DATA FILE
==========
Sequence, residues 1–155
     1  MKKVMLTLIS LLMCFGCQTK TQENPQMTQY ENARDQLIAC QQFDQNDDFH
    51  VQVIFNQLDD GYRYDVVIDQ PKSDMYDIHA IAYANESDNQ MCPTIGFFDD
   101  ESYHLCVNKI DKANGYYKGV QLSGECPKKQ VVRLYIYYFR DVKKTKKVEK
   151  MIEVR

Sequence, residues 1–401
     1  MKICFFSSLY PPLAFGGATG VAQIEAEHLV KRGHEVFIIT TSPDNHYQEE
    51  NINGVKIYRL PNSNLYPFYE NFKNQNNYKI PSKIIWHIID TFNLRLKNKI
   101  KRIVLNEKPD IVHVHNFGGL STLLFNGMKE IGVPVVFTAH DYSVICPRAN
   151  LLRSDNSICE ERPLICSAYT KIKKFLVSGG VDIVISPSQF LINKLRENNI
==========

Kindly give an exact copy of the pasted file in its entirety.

Sequence, residues 1–155
     1  MKKVMLTLIS LLMCFGCQTK TQENPQMTQY ENARDQLIAC QQFDQNDDFH
    51  VQVIFNQLDD GYRYDVVIDQ PKSDMYDIHA IAYANESDNQ MCPTIGFFDD
   101  ESYHLCVNKI DKANGYYKGV QLSGECPKKQ VVRLYIYYFR DVKKTKKVEK
   151  MIEVR

Sequence, residues 1–401
     1  MKICFFSSLY PPLAFGGATG VAQIEAEHLV KRGHEVFIIT TSPDNHYQEE
    51  NINGVKIYRL PNSNLYPFYE NFKNQNNYKI PSKIIWHIID TFNLRLKNKI
   101  KRIVLNEKPD IVHVHNFGGL STLLFNGMKE IGVPVVFTAH DYSVICPRAN
   151  LLRSDNSICE ERPLICSAYT KIKKFLVSGG VDIVISPSQF LINKLRENNI